Commit 8a67200b authored by David Johnson's avatar David Johnson

Add Docker documentation.

Also refactor VM stuff a little, and add a small Xen section.
parent a1372771
......@@ -6,7 +6,7 @@
@section[#:tag "disk-images"]{Disk Images}
Disk images in @(tb) are stored and distributed in the
Most disk images in @(tb) are stored and distributed in the
@hyperlink["http://www.flux.utah.edu/paper/hibler-atc03"]{Frisbee} disk
image format. They are stored at block level, meaning that, in theory,
any filesystem can be used. In practice, Frisbee's filesystem-aware
......
......@@ -155,13 +155,32 @@ belong to. Currently, the only such permission is the ability to make a profile
visible onto to the owning project. We expect to introduce more
project-specific permissions features in the future.
@section[#:tag "virtual-machines"]{Virtual Machines}
@section[#:tag "physical-machines"]{Physical Machines}
Users of @(tb) may get exclusive, root-level control over @italic{physical
machines}. When allocated this way, no layers of virtualization or indirection
get in the way of the way of performance, and users can be sure that no other
users have access to the machines at the same time. This is an ideal situation
for @seclink["repeatable-research"]{repeatable research}.
Physical machines are @seclink["disk-images"]{re-imaged} between users, so you
can be sure that your physical machines don't have any state left around from
the previous user. You can find descriptions of the
hardware in @(tb)'s clusters in the @seclink["hardware"]{hardware} chapter.
@apt-only{
Physical machines are relatively scarce, and getting access to large numbers of
them, or holding them for a long time, may require
@seclink["getting-help"]{contacting @(tb) staff}.
}
@section[#:tag "virtual-machines"]{Virtual Machines and Containers}
@apt-only{
The default node type in @(tb) is a @italic{virtual machine}, or VM. VMs in
@(tb) are currently implemented on
@hyperlink["http://blog.xen.org/index.php/2013/07/09/xen-4-3-0-released/"]{Xen
4.3} using
@hyperlink["https://www.xenproject.org/downloads/xen-archives/xen-46-series/xen-460.html"]{Xen
4.6} using
@hyperlink["http://wiki.xenproject.org/wiki/Paravirtualization_(PV)"]{paravirtualization}.
Users have full root access with their VMs via @tt{sudo}.
......@@ -180,29 +199,52 @@ project-specific permissions features in the future.
}
@clab-only{
While @(tb) does have the ability to provision virtual machines itself
(using the Xen hypervisor), we expect that the dominant use of @(tb) is
While @(tb) does have the ability to provision virtual machines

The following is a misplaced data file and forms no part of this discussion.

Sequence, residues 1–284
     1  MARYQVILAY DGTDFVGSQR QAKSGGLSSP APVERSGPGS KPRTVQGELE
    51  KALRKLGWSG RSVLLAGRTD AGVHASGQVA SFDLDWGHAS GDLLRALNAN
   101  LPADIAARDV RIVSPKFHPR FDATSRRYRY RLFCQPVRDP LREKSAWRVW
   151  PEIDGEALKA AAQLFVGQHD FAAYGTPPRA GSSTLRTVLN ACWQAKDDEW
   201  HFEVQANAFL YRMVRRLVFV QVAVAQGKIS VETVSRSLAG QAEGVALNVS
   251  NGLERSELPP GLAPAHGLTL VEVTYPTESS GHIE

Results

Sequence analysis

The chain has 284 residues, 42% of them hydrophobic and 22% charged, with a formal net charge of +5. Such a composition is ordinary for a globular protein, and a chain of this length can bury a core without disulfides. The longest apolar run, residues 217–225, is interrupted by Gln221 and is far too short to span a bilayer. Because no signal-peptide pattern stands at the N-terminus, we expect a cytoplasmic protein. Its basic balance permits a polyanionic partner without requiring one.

(using the Xen hypervisor) and containers (using Docker), we expect that the dominant use of @(tb) is
that users will provision @seclink["physical-machines"]{physical machines}.
Users (or the cloud software stacks that they run) may build their own
virtual machines on these physical nodes using whatever hypervisor they
wish.
wish. However, if your experiment could still benefit from use of virtual
machines or containers (e.g. to form a scalable pool of clients issuing
requests to your cloud software stack), you can find more detail in
@seclink["virtual-machines-advanced"]{the advanced topics section}.
}
@section[#:tag "physical-machines"]{Physical Machines}
Users of @(tb) may get exclusive, root-level control over @italic{physical
machines}. When allocated this way, no layers of virtualization or indirection
get in the way of the way of performance, and users can be sure that no other
users have access to the machines at the same time. This is an ideal situation
for @seclink["repeatable-research"]{repeatable research}.
Physical machines are @seclink["disk-images"]{re-imaged} between users, so you
can be sure that your physical machines don't have any state left around from
the previous user. You can find descriptions of the
hardware in @(tb)'s clusters in the @seclink["hardware"]{hardware} chapter.
@apt-only{
Physical machines are relatively scarce, and getting access to large numbers of
them, or holding them for a long time, may require
@seclink["getting-help"]{contacting @(tb) staff}.
}
@not-apt-clab-only{
To support experiments that must scale to large numbers of nodes, @(tb)
provides @italic{virtual nodes}. A @(tb) virtual node is a virtual
machine or container running on top of a regular operating system. If an
experiment's per-node CPU, memory and network requirements are modest,
the use of virtual nodes allows an experiment to scale to a total node
size that is a factor of tens or hundreds times as many nodes as there
are available physical machines in @(tb). Virtual nodes are also useful
for prototyping experiments and debugging code without tying up
significant amounts of physical resources.
@(tb) virtual nodes are based on the Xen hypervisor or Docker
containers. With some limitations, virtual nodes can act in any role
that a normal @(tb) node can: edge node, router, traffic generator,
etc. You can run startup commands, remotely login over ssh, run software
as root, use common networking tools like tcpdump or traceroute, modify
routing tables, capture and load custom images, and reboot. You can
construct arbitrary topologies of links and LANs mixing virtual and real